By: Craig J. Harris March 21, 2014
Source: Crain’s Chicago Business
I’m thankful for Crain’s Columnist Greg Hinz’s insight and wisdom on the CNN series “Chicagoland.” It was refreshing to see someone who can see beyond the hype of the production and really get the gist of what we were trying to do.
I have the unique perspective as a native Chicagoan, being born in Englewood and splitting my childhood between Englewood and the Roseland area, and as the only African-American lead producer for the show. A number of the stories were a result of my connections to those communities, where I have maintained ties, and with the individuals, with whom I share a common experience.
Mine wasn’t an outsider’s observation; it was the observation of a lifelong Chicagoan during a tumultuous year that saw the closing of 50 Chicago public schools, continued rampant gun violence, first responders’ tireless efforts as public servants, a Blackhawks championship, the growth of art and music festival scenes and a mayor dealing with a budget shortfall and vocal critics.
I have heard from critics who believe “Chicagoland” is only about “negative African-American stereotypes.” I remind them not to pass judgment until they’ve watched all eight episodes of the series because we show many positive and uplifting institutions and events in the African-American community — such as the Chosen Few picnic, the Bud Billiken Day parade, Urban Prep Academies, etc.
However, those critics who see only black versus white miss the point entirely. As Mr. Hinz’s column demonstrates, this is a “tale of two cities.” This is about class disparity, not race. Unfortunately, many blacks on the South and West sides are denied the economic and educational opportunities afforded other parts of the city, which in part results in the gun violence and gang activities that are depicted.
It is my desire that the show starts a true and meaningful dialogue to address and close the huge economic disparity gap. Some critics asked why I couldn’t do that without “airing the dirty laundry” of the African-American community. To them I say, I seek not to air the laundry but clean it. For me, ignoring the problem isn’t an option — action is. “Chicagoland” isn’t a “reality show”; it’s a long-form documentary. I’m holding a mirror up to society, and that sometimes is uncomfortable for people.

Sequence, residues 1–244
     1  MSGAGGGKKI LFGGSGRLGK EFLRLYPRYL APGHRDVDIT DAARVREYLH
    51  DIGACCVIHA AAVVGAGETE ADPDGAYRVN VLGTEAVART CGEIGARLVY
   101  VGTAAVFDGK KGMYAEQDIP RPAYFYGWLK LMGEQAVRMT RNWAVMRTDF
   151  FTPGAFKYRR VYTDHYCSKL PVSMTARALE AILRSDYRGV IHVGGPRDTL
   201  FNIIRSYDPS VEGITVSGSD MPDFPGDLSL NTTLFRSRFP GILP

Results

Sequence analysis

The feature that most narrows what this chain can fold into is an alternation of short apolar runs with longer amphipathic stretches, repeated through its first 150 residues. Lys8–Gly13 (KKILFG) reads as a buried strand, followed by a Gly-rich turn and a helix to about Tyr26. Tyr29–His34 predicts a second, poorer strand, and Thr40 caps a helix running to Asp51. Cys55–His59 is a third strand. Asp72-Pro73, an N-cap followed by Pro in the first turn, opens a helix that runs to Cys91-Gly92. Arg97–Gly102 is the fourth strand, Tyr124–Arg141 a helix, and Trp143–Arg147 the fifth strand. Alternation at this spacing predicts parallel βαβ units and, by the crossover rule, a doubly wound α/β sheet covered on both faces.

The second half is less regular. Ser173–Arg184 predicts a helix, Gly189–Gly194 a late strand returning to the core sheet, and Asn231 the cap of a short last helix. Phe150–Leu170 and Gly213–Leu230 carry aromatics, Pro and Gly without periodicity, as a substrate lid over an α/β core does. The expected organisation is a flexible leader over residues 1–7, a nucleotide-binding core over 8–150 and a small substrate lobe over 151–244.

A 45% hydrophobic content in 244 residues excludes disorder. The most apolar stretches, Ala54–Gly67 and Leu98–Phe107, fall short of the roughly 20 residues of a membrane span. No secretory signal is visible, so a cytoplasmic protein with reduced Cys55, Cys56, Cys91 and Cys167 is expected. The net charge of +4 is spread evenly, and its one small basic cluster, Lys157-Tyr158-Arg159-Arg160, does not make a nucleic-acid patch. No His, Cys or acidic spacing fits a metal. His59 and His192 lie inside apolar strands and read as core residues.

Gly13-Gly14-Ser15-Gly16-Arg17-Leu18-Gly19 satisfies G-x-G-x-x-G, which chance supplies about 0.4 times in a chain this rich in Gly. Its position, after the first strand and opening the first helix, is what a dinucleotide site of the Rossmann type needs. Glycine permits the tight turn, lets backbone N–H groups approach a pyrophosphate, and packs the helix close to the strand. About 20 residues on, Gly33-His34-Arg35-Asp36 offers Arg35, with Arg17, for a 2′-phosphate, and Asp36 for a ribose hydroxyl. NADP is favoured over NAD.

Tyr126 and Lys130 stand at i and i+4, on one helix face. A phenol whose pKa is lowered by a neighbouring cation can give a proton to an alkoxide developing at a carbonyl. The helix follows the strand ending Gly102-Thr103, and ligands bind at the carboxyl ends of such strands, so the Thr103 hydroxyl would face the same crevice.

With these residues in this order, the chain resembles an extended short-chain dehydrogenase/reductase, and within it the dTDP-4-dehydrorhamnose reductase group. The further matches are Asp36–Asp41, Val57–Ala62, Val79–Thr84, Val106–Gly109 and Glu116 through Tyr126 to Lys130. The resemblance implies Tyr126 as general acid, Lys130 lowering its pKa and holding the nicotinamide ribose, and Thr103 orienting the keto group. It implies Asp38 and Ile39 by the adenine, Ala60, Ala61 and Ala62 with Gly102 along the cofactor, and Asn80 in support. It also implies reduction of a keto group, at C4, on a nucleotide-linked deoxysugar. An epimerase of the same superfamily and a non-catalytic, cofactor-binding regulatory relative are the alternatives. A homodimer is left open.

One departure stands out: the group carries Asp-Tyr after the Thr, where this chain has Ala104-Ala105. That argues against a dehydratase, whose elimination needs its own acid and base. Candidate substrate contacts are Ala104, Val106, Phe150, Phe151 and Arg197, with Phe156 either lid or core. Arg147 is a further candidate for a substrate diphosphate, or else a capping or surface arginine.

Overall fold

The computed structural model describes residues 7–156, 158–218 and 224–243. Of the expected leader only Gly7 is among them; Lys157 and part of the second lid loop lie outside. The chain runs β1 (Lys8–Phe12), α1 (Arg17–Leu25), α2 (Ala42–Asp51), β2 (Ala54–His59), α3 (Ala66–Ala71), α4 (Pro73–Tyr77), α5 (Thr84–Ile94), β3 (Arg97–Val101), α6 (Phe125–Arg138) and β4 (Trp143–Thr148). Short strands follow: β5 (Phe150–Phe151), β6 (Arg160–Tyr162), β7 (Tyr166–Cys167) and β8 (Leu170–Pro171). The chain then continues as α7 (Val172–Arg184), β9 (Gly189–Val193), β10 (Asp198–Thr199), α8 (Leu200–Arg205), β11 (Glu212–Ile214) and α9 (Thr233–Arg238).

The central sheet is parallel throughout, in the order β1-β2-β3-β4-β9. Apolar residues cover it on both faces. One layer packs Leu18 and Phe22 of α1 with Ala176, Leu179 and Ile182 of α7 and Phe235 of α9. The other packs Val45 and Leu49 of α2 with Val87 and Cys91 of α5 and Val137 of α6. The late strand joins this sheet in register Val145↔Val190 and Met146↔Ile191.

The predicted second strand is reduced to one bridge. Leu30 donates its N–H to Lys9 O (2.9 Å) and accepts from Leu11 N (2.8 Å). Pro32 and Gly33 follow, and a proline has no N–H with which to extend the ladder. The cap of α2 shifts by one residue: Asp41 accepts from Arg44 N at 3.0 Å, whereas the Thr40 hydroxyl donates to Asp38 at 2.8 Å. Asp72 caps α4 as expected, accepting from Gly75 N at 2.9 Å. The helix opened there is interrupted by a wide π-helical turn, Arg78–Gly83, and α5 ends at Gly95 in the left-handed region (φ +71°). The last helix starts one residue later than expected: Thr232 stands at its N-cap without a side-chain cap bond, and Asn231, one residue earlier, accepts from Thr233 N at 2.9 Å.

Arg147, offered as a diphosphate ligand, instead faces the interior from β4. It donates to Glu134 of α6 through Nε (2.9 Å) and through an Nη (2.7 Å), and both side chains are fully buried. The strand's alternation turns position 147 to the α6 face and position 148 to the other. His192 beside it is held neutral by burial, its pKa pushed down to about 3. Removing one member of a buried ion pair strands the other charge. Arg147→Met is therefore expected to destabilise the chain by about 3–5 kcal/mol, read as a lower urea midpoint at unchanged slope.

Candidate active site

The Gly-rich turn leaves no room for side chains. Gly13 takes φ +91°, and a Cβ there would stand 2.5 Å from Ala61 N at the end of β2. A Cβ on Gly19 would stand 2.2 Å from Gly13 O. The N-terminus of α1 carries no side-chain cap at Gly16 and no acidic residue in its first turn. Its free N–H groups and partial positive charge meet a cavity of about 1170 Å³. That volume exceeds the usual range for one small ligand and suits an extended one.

No movement attempting social or policy change (the civil rights movement, the French Revolution, the abolitionist movement) ever was enacted or successful without publicizing the bad acts or inequitable conditions created by the status quo. The only way to stop and correct such disparities is to draw attention to them.
There was a time when people were appalled by the images of “strange fruit” seen in the Jim Crow South, there were those who begged Mamie Till to close the casket, and others who cringed at the sight of African-Americans being sprayed with fire hoses. These regrettable and unfortunate images buoyed the civil rights movement. If we want change in our community, we can’t hide from the unfortunate truth. We must confront it.
Critics of “Chicagoland” who don’t live in the Roseland and Englewood communities, not wanting to see the gun violence and the reality of conditions in these neighborhoods, have the luxury to ignore these communities as they pass them on the expressway or by turning off the TV, but the people living in those neighborhoods unfortunately don’t.
Thank you again, Mr. Hinz, for your contributions to this ongoing dialogue.
Craig J. Harris is a producer, screenwriter and actor originally from Chicago.
Let me echo the warning of this author. Like him I grew up in Chicago and am appalled by the callous way in which the Bicycle Movement has decided to ignore the situation around this city for the sake of green paint and PVC bollards. We have schools closing in black and brown neighborhoods, which means that families will be displaced. Pushing forward with what are frankly “unnecessary” Protected Bike Lanes (given that the citizens of many of these neighborhoods do not use bicycles as their main transportation) is outrageous given the circumstances. They only make sense in the context of “gentrification“. And that seems to be the aim of the City of Chicago and the Active Transportation Alliance who in concert are attempting to remove cars wherever possible from city streets.
As the movie line goes, “We have a failure to communicate“. You cannot argue that bicycling and its attendant “movement” are the most egalitarian if a city cannot find monies to keep its school open but can to paint the pitted surface of streets with green paint and “sharrows“.
It would be easier to have everyone admit that the “Bicycle Movement” is intended to attract well educated “elites” from outside the city limits to come in and rehab large portions of the city and/or purchase units which have been rehabbed by those looking to reap windfall profits. And knowing that these folks travel by bicycle, Chicago has suddenly become “bicycle-friendly“.
In essence the Bicycle Movement is being used as a declaration of war on those with less means to survive in this city.